For many students and parents alike, the UK school system can be a bit overwhelming and confusing to navigate. This is partly due to the nature of schools in the UK, and the different types. It can be difficult to decide where to apply because of all the choices. This can make a stressful period even more overwhelming. One of the types of schools are voluntary aided schools. If you are curious or trying to understand how voluntary aided schools work, this article will give you plenty of information on this topic.
To put it briefly, voluntary aided schools are schools partly funded and run by an organisation that is not the local authority. This organisation usually has a religious or faith background, though this is not always the case. These schools are also funded by the local authority and occasionally by parent donations. Most voluntary aided schools also have a slightly different curriculum than that of a regular secondary school, in subjects such as Religious Education.
If you would like to understand more about how voluntary aided schools are run and what they are more specifically, this article could be useful.
What is meant by voluntary aided schools?
To put it briefly, voluntary aided schools are schools funded by an external group, as well as the state. As this group is usually of a religious background, voluntary aided schools are often the same as faith schools.
Voluntary aided schools are similar to regular community schools in the regard that both are funded by the local authority or government. However, voluntary aided schools usually have to pay 10% of the total capital cost, at least. This statistic has been taken from the UK Government website in this article. This 10% usually comes from a religious body, such as the Church of England funding CoE primary schools.
The religious education in voluntary aided schools is set by the governing body and is inspected by someone appointed by the religious order rather than Ofsted. Voluntary aided schools can choose to focus their Religious Education subject completely on their faith, unlike other schools. They may also elect to teach a syllabus on other religions as well, although this is not required.
Whilst not all voluntary aided schools also classify as faith schools, and emphasise a religious focus, many voluntary aided schools are classified as such.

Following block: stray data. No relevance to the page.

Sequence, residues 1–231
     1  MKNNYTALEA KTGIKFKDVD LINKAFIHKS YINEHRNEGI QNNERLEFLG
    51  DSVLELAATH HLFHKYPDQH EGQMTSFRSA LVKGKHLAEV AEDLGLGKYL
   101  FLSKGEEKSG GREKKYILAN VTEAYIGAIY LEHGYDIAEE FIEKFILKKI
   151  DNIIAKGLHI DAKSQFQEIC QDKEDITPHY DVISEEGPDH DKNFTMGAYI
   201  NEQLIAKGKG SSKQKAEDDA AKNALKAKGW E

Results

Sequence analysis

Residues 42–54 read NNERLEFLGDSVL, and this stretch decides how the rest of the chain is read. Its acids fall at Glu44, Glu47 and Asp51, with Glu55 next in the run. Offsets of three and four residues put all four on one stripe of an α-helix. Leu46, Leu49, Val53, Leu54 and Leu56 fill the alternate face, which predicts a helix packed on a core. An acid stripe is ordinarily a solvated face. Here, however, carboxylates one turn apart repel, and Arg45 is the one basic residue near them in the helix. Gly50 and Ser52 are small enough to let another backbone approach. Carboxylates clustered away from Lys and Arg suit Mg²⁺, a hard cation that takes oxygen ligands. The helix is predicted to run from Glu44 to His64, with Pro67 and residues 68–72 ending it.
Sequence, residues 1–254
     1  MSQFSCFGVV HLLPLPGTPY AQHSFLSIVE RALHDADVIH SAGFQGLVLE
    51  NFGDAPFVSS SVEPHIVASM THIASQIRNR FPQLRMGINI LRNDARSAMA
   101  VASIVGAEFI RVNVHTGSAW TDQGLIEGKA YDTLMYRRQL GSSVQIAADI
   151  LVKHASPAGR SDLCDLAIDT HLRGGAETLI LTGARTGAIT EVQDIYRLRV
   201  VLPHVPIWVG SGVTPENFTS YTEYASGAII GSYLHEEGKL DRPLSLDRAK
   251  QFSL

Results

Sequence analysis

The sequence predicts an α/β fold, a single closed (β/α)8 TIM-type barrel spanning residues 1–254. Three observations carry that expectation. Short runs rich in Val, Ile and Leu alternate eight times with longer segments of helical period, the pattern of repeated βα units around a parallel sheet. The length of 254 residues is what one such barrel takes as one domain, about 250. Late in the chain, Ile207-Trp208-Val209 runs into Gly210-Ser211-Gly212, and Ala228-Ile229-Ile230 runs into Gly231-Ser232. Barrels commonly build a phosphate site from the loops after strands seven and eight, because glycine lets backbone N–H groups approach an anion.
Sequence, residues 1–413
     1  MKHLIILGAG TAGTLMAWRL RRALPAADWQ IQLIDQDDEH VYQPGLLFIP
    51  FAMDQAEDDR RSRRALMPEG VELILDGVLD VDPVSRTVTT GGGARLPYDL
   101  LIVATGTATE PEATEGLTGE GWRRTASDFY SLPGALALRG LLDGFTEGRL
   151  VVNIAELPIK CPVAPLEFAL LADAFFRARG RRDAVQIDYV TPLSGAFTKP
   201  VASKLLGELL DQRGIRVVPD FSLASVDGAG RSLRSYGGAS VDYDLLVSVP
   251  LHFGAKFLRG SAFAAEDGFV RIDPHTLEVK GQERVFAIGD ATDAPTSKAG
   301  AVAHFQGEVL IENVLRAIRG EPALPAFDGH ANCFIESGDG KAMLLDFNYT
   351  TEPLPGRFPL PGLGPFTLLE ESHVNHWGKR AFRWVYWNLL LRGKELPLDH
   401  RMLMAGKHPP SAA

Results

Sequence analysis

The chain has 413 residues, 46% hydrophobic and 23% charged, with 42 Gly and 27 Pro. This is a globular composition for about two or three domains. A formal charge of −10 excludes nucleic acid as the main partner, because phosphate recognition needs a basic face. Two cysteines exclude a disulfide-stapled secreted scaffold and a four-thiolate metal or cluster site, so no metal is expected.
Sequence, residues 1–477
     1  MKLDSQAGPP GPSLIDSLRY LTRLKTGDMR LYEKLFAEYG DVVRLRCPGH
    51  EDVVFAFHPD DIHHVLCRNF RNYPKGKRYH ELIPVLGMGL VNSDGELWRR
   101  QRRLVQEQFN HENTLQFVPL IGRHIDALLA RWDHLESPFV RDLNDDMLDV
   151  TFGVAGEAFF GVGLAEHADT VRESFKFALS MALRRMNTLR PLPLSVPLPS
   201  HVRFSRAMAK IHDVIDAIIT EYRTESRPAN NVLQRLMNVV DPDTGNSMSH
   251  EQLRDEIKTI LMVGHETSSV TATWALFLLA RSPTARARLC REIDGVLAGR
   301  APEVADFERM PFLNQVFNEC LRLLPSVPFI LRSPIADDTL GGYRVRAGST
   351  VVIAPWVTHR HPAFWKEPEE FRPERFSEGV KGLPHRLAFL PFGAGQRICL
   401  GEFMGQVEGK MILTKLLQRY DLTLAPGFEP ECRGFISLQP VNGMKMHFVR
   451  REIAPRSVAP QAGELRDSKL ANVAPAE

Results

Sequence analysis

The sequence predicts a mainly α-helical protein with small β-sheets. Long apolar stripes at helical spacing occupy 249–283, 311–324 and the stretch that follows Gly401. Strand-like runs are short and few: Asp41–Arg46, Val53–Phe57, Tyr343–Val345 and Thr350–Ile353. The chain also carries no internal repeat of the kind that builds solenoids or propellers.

To learn more about faith schools, check out this helpful article from Think Student.
Who are the voluntary aided schools governing bodies?
In short, a majority of the governing body is made up of “Foundation Governors”, meaning they are appointed by the voluntary foundation helping fund and run the school. The rest of the governors are usually parents or staff.
Foundation governors are often appointed to governing bodies of voluntary aided schools in order to preserve the religious integrity of the school.
There are also foundation governors in voluntary controlled schools, Roman Catholic schools, and Church of England schools. Combined, these schools make up one third of the state school sector. This statistic is taken from this article at Governors For Schools.
It is the religious body and governors that set the syllabus, therefore Religious Education may be limited to just the affiliated religion, as well as the RSE (Relationships and Sex Education) subject may also be taught in accordance to the school’s ethos.
The school is the admissions authority and can select pupils on the basis of religion if admissions are full.
What is the difference between voluntary aided and voluntary controlled schools?
There can be some confusion about the difference between voluntary controlled and voluntary aided schools. Both are religious-focused schools, and both employ a religious curriculum. Both are maintained schools, however, their differences lie in how they are run.
Voluntary controlled schools are seen as having a “lighter touch” in how they are governed. Only a small proportion of the governing body is made up of foundation governors, with the majority being selected with secular guidelines. The syllabus for Religious Education usually aligns with the local syllabus for Religious Education. In contrast, the governing body in voluntary aided schools is made up of mostly foundation governors.
Voluntary controlled schools are also run by the local authority, whereas in voluntary aided schools, the religious organisation gets more of a say in how the school is run.